Parliamentary panel to monitor prisons across country

Naikes mete out physical and mental torture on inmates and detainees 

Kathmandu, February 29

The Law, Justice and Human Rights Committee of the House of Representatives has decided to monitor prisons in all seven provinces.

According to the parliamentary panel, its members will visit prisons to take stock of the condition of physical infrastructure and human rights of inmates and detainees.

Speaking at a meeting held in Singha Durbar yesterday, Chairperson of the committee Krishna Bhakta Pokharel informed that the panel was preparing to depute separate monitoring teams to the provinces.

“The teams will carry out monitoring of two district prisons in each province,” he said. The districts include Morang, Ilam, Mahottari, Kaski, Baglung, Rupandehi, Dang, Surkhet, Mugu, Kailali, Dadeldhura, Chitwan and Kathmandu.

Pokharel said that the house panel had received complaints about the poor living condition of inmates and detainees, lack of proper medical care and legal aid and below minimum acceptable facilities.

“We are informed that overcrowding, human rights violations and growing number of vulnerable inmates or detainees are the major problems likely to invite crisis situation in prisons.

Some prisons have jailbirds four times their capacity.

Therefore, the teams will prepare a report after monitoring the prisons and submit it to the government with recommendations,” he said.

Committee member Matrika Prasad Yadav warned that the prisons were turning into a breeding ground for criminals due to poor human rights situation.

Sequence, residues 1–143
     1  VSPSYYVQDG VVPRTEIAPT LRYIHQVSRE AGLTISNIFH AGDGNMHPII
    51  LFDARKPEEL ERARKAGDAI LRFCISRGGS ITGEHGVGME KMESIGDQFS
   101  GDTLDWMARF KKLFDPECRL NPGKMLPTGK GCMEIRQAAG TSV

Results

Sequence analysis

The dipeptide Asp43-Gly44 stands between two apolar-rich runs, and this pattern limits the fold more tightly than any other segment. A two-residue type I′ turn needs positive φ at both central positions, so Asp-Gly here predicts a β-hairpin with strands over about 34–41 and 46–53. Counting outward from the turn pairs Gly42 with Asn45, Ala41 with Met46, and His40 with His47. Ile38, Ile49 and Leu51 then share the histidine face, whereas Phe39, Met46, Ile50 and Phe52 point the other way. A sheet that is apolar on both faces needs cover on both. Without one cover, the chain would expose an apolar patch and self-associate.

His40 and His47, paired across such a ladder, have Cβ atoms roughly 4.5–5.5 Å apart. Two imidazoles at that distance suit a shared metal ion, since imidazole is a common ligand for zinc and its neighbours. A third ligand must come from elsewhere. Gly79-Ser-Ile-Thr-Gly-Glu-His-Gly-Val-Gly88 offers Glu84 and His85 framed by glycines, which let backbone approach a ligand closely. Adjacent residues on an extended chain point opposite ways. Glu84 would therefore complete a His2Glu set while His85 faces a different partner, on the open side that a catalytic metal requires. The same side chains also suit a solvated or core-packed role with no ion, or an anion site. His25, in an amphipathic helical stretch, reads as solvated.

“The government is never tired of talking about its plan to transform the prisons into correction centres, but in vain. The overall condition of prisons is deteriorating with each passing day. No reform has been introduced in the prison system. Naikes (leader of prisoners) mete out physical and mental torture on inmates and detainees. There is no democracy in prison. A naike should be elected through voting to end this culture,” he suggested.

Even the existing Prison Act envisions a provision of transforming the jails into correction centres through various reforms.

A total 74 jails with a total capacity of just 15,466 persons have been crammed with around 24,000 inmates and detainees, according to the Department of Prison Management.

Despite the tall claims of the government regarding implementation of the concept of open prison, no progress has been made to that end.

An open prison is a penal establishment where prisoners, who have served at least half of their jail term and have demonstrated good conduct, are trusted to do their time with minimal supervision. It aims to ease the pressure of jailbirds in crowded prisons and to turn prisons into correction centres.

A recent report published by the National Human Rights Commission says that jailbirds are deprived of basic amenities and human rights, including sanitation, room space, quality food and regular health check-ups. Many prisons lack space for jailbirds to sleep conveniently. Jailbirds have also been deprived of sports and entertainment materials, skill training and adequate textbooks for formal education.

Similarly, as many as 54 prison buildings in Kathmandu valley and other districts were either destroyed or damaged in the 2015 earthquakes and its subsequent aftershocks.

Many of them are yet to be reconstructed.